# Experiment 2: Mapping Another Seed Trait Gene Pair (Waxy Starches)

A third seed trait in corn is normal vs. waxy starch. Waxy starch has a different chemistry than normal starch and can be scored by staining with iodine. This gene is commercially important because some waxy corn is produced for specialty markets. Let’s look at the following test cross data (Table 3):

Parent: Red, Normal CCWW x White, Waxy ccww

F1: Red, Normal CcWw x White, Waxy ccww

 Phenotype Number of progeny Red, Normal 2781 Red, Waxy 759 White, Normal 749 White, Waxy 2711 Total 7000

• Parental gametes made by the F1: CW and cw
• Recombinant gametes made by the F1: Cw and cW = 759 + 749 = 1508
• Map unit distance between the C,c and the W,w loci - 1508 / 7000 = 21.5 Map Units

It is clear from the testcross data that the genes at the C,c and W,w loci do not have as great a tendency to be inherited together compared to the genes at the C,c and S,s loci. This is because the loci are further apart and our 21.5 map units is an indicator of the relative distance.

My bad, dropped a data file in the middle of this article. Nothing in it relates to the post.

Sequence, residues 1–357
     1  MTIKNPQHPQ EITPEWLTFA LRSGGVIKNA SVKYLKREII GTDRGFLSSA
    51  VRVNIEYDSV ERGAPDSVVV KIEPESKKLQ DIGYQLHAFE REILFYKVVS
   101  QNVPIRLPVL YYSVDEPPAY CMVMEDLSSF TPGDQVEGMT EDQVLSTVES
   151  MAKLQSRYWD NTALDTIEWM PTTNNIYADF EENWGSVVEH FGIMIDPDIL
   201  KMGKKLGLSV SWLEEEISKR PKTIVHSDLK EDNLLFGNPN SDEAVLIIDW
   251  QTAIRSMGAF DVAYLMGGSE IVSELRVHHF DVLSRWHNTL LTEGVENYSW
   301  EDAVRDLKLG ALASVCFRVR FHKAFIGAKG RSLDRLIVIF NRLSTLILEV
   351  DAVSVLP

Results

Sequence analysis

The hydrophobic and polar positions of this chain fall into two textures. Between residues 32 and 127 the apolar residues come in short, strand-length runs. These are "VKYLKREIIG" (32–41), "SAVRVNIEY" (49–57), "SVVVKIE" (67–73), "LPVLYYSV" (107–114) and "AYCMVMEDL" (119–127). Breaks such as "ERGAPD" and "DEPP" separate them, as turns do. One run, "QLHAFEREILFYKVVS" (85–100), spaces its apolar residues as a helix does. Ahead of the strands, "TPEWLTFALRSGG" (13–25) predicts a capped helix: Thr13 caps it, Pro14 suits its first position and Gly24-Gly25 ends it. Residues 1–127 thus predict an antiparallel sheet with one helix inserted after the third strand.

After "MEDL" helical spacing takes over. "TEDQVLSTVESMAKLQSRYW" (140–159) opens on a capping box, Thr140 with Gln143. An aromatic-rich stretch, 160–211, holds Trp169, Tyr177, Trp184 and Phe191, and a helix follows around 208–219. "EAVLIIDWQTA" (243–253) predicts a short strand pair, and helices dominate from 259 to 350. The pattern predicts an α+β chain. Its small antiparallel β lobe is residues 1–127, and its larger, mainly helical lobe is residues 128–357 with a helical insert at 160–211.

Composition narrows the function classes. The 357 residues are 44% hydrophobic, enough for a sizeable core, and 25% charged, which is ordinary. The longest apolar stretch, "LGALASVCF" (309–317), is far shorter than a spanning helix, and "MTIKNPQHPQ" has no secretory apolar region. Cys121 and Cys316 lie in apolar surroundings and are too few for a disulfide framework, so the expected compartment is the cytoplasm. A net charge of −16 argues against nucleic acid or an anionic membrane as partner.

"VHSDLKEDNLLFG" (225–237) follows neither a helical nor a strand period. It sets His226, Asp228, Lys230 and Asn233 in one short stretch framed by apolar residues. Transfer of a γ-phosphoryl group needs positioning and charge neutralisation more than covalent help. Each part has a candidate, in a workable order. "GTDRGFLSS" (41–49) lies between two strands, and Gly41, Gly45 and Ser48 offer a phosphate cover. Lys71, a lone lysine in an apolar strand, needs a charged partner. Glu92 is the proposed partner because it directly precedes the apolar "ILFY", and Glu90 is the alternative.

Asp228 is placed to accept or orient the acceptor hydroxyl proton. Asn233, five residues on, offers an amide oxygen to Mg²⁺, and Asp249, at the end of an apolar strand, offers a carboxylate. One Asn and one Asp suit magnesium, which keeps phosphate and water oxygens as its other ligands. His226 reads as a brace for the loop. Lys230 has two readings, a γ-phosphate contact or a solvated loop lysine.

From the two distances calculated, how far apart are the W,w and S,s loci? Here is where we can use map unit distances to create a gene map (or linkage map) the same way we use miles to create road mapping. We can draft our two possible maps (Fig. 12). In one map the C,c locus is in between the W,w and S,s loci. Using the 21.5 plus 3.5 map units we calculated, the best estimate is that 25 map units separate the W,w and S,s loci. The other map that fits our data is having the S,s locus in the middle with the W,w and S,s loci 18 map units apart (21.5 - 3.5). If the genes occupy a fixed position on the chromosome, only one map will be correct. How can we determine which is the correct map?